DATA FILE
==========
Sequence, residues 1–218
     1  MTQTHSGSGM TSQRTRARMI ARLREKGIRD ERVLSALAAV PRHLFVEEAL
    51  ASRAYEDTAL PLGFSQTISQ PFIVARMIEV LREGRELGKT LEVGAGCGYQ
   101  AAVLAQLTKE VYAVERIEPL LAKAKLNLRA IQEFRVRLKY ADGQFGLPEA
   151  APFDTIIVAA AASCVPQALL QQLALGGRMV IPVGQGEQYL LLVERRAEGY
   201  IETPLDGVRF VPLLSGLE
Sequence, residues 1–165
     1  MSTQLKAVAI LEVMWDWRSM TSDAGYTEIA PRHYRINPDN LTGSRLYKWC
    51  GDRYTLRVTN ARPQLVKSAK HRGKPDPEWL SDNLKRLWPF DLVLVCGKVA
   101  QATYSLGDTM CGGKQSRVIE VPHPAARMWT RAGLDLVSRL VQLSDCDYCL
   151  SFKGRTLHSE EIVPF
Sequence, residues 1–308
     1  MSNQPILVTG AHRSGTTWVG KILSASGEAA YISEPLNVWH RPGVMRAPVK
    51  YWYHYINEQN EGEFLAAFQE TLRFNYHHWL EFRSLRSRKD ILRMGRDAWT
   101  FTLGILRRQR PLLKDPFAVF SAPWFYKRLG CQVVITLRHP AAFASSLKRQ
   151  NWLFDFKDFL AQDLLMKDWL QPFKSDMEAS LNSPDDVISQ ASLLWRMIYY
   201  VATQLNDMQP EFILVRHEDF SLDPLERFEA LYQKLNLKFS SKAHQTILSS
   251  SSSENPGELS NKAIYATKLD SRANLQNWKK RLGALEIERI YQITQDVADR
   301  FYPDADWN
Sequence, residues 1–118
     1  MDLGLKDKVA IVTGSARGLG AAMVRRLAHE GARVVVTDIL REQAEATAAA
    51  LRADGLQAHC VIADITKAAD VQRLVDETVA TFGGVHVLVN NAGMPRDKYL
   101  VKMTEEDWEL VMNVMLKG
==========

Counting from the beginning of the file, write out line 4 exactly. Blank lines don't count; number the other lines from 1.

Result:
   101  AAVLAQLTKE VYAVERIEPL LAKAKLNLRA IQEFRVRLKY ADGQFGLPEA